Hiking in the mountains in Fukui -Mt. Aoba-

Last Update: 2018.01.17
Sports / Outdoor Activities More...

The view of Mt. Aoba from the road on the way to the starting point at Nakayama.
The view of Mt. Aoba from the road on the way to the starting point at Nakayama

The view of Mt.Aoba from Oi-cho
The view of Mt. Aoba from Oi-cho (Fukui Photography from Fukui Tourism Guide)

 

Mt. Aoba is a mountain between Takahama-cho in Fukui Prefecture and Maizuru City in Kyoto. This mountain has twin peaks, the east peak of Mt. Hakusan (693m) and the west peak (692m). When viewed from the coastline in Takahama-cho, the eastern part of the mountain has a distinctly triangular shape. Because the mountain isn't a part of any range, the isolated peak of Mt. Aoba stands out in the horizon. I always wanted go hiking to Mt. Aoba and I finally went there on April 16th, 2017.

 

I followed the direction in the publication of the group of walking in the mountain in Fukui, “Why don’t you go hiking in the mountains in Fukui? Vol.7”. I hiked in the loop course in which I started from Nakayama-guchi, walked into Imadera settlement after walking along the east peak and the west peak, walked on a public road at the foot of the mountain, and went back to Nakayama-guchi. Mt. Aoba is a great mountain because there are varieties of roads that the hikeres can enjoy with the great views. Mt. Aoba has mountain trails, ridge lines, and the rock ridge area which was thrilling for me. The hikers can also enjoy beautiful flowers on the way going back from the end point of the hiking course to the parking lot.

 

First, searching "Aobayama Herbal Village" in a car navigation system ("Aobayama Seishonen Ryoko Mura, Aobayama Camp Site" was renovated to reopen as "Aobayama Herbal Village" in May, 2016.

 

Required Time

The parking lot at the starting point, Nakayama-guchi, for hikers of Mt. Aoba
The parking lot at the starting point, Nakayama-guchi, for hikers of Mt. Aoba

Although in the publication, "Why don't you go hiking in the mountains in Fukui? Vol.7", it says that visitors can park cars at the parking lot of "Aobayama Seishonen Ryoko Mura (Aobayama Camp Site), there was a sign said the cars should be parked at another parking lot up ahead when visiting Aobayama Herbal Village. Therefore, at the paking lot in the photograph above, I only used the bathroom. And then, I went to the other parking lot near the starting point (Nakayama-guchi). The orange arrow in the photograph above indicates the starting point (Nakayama-guchi).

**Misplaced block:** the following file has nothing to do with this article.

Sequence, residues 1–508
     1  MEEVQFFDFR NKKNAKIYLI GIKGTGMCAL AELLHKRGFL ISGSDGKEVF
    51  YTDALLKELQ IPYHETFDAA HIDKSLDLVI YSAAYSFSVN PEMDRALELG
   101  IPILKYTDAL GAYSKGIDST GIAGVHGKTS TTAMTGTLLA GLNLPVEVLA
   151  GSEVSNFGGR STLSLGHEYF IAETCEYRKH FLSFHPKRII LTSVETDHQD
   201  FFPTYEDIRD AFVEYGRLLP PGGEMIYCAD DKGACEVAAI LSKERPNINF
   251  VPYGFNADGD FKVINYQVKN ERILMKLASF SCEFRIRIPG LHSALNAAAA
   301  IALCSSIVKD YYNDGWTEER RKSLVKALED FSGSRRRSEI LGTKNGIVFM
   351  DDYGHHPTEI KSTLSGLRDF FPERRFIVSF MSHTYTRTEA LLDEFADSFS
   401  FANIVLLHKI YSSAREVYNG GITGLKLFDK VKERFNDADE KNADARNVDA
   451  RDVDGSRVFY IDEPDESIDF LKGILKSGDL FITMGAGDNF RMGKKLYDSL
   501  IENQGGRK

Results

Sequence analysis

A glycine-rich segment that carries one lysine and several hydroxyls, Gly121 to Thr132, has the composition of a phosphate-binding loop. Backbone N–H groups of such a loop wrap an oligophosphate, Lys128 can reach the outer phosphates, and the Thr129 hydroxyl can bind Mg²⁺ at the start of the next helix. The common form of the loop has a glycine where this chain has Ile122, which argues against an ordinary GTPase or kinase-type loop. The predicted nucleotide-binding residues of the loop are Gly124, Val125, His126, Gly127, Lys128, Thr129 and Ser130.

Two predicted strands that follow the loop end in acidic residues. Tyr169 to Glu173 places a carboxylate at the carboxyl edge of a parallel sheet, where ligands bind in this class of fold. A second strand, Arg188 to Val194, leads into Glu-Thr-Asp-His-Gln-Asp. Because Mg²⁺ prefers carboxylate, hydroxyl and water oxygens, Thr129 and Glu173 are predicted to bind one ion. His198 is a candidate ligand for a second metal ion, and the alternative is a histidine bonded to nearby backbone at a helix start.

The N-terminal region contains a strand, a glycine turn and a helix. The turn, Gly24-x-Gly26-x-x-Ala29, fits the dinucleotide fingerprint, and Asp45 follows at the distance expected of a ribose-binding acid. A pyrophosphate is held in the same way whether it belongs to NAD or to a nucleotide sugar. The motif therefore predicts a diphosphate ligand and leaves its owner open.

The starting point, Nakayama-guchi in Mt.Aoba
At 1:15pm, entering the moutain from the starting point, Nakayama-guchi of Nakayama-dera course

the observation platform of Nakayama-dera course in Mt. Aoba
At 1:57pm, the observation platform in Nakayama-dera course

the monument of the east peak of Mt.Aoba
At 2:37pm, the monument of the east peak of Mt. Aoba

the area of ladders between the east peak and the west peak of Mt. Aoba
At 2:58pm, the area of ladders between the east peak and the west peak of Mt. Aoba

the shrine and the summit of the west peak of Mt. Aoba
At 3:15pm, the shrine and the summit of the west peak of Mt.Aoba

a shrine of Imadera settlement in Mt. Aoba
At 4:11pm, a shrine of Imadera settlement

a pheasant
A singing male pheasant by a paddy field in Imadera settlement

At 5:07pm, I enjoyed listening to the sound of nightingale and pheasant, and I also enjoyed watching moneys as well on my way going back to the parking lot at Nakayama-guchi where I started hiking from.

 

※“Hiking in the mountains in Fukui” is a project in which hikers go hiking in the mountains in Fukui Prefecture along with the information in a publication of a group of walking in the mountains in Fukui, “Why don’t you go hiking in the mountains in Fukui?”.

Why don't you go hiking in the mountains in Fukui?

Publication of the group of walking in the mountains in Fukui,

“why don’t you go hiking in the mountains in Fukui?”

The left publication is 1992 edition. The right one is 2014 edition (the latest one).

 

I went hiking in Mt. Takasu along with the information in the 1992 edition.

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